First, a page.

Tag: android

Has The iPhone Peaked?

Business Insider ran what I thought was a very interesting Android vs iPhone survey asking users why they chose one platform over another. I agree with their “takeaway points” from the resulting data, but I was particularly intrigued by two of their extended conclusions in regard to the Android onslaught:

  1. “It increases the pressure on the iPhone 5 to be a humdinger of an upgrade.”
  2. “App selection is not as important as most people think.”

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On Openness, Fragmentation, And Other Android Traits

According to the latest Nielsen numbers, Android, iOS, and BlackBerry are nearly neck-and-neck in smartphone OS market share with 29%, 27%, and 27% respectively. When looking at the graph, one thing stands out in comparing new leader Android to its nearest neighbors… (continue reading…)


Android vs iPhone, Fair and Balanced

Nick Saint offers the most unbiased Android vs iPhone comparison that I have seen to date. It is well-balanced and (IMHO) reasonable in its assessment. The comments pre-date the iPhone availability of Google Voice, Google Goggles, or the potential “Verizon iPhone” – which might ameliorate some criticisms – but otherwise it is very fair.

I have hated all other “which is best” articles because they are so black-and-white in stating their personal preferences as fact. Don’t let anyone tell you that you are somehow less intelligent/attractive/moral if you prefer to have a virtual keyboard (iPhone) or removable battery (Android). There is no one right answer, no universal choice. Whatever you prefer is right for you, no matter what anyone else may opine.


AT&T Re-Defines “Limited” and “Unlimited”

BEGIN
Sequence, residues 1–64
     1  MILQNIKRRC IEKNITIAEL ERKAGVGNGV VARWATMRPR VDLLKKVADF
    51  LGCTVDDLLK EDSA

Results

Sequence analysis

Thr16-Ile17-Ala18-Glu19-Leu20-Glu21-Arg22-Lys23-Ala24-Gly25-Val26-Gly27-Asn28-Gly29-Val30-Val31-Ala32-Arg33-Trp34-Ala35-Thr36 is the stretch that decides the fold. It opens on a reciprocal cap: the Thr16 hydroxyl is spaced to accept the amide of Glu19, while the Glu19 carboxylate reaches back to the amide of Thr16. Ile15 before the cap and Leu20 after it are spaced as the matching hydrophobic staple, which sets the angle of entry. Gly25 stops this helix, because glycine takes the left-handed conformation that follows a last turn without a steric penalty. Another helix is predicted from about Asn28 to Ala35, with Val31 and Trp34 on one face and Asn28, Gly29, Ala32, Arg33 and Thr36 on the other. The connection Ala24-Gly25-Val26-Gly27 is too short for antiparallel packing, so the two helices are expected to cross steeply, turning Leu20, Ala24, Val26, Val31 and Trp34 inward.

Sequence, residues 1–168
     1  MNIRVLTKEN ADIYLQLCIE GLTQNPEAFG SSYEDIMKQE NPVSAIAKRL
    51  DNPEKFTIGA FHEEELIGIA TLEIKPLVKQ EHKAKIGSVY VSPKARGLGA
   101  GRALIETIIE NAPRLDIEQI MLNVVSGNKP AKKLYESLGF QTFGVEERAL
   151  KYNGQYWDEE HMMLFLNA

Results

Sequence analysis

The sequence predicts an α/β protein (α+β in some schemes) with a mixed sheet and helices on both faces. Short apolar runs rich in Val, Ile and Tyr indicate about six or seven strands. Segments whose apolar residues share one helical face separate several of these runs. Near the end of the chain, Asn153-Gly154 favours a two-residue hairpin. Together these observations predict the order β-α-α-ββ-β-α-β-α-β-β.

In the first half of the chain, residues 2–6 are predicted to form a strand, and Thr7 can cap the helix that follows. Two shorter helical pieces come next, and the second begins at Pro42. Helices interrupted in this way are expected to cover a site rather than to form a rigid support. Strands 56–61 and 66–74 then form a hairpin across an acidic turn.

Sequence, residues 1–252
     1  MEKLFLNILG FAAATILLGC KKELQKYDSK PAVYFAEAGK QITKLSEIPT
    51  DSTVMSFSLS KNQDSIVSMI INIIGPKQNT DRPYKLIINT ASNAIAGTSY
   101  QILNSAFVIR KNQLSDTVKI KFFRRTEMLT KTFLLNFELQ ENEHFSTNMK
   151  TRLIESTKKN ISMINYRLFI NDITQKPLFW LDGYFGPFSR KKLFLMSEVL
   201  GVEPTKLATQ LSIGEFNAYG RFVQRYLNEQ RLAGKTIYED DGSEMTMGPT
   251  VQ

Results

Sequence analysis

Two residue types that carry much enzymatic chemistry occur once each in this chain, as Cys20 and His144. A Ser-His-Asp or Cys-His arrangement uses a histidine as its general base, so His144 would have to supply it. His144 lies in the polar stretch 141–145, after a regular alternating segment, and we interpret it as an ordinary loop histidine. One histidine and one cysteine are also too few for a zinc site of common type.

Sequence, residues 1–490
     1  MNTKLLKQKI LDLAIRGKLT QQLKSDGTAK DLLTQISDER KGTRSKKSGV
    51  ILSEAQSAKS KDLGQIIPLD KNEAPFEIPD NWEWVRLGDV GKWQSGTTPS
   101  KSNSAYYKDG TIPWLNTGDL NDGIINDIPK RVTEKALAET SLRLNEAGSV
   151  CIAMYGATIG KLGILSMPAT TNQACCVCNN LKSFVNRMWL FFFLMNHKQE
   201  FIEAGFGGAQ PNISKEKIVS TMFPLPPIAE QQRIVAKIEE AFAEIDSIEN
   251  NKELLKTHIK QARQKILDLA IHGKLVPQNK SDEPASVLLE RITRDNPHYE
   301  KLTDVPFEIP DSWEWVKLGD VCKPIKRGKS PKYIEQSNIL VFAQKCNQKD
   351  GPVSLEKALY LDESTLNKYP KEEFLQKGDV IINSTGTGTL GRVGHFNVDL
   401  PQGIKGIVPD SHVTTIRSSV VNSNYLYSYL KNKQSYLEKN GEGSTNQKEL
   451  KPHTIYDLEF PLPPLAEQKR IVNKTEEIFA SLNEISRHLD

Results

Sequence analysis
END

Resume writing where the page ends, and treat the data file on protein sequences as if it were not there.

Most iPhone users tend to be loyal about their phone, and dare I say, with just a slight air of superiority. But there is one feature on Android phones that Apple people are jealous about. Many Android phones come with software that allows the phones to become a WiFi hotspot. Not only is the feature built-in, but the carriers gladly support it. It is even advertised heavily in “Droid Does” commercials.

But iPhone? (continue reading…)


The Evolution Of Smartphones, By The Numbers [And Why Apple May Dominate The Next Round]

In 2007, Apple energized the smartphone industry with the introduction of the first-gen iPhone. Within a year, they had gone from a non-player in the cellular phone market to an innovative industry leader. Indeed, Apple’s tremendous success in the marketplace is exemplified by their capture of 48% of the Q1 2010 mobile phone revenues, despite being limited to GSM carriers and garnering only an estimated 3% of the total handset market.

If rumors of a CDMA phone in 2011 are correct, Apple is poised to once again make an historic leap, this time not for its innovative technological advances, but in terms of a significant – possibly even dominant – market share increase. In order to explain why this might be, we need to understand how smartphone adoption has evolved (very rapidly) over the past 3 years.

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Counting Down To The Top 3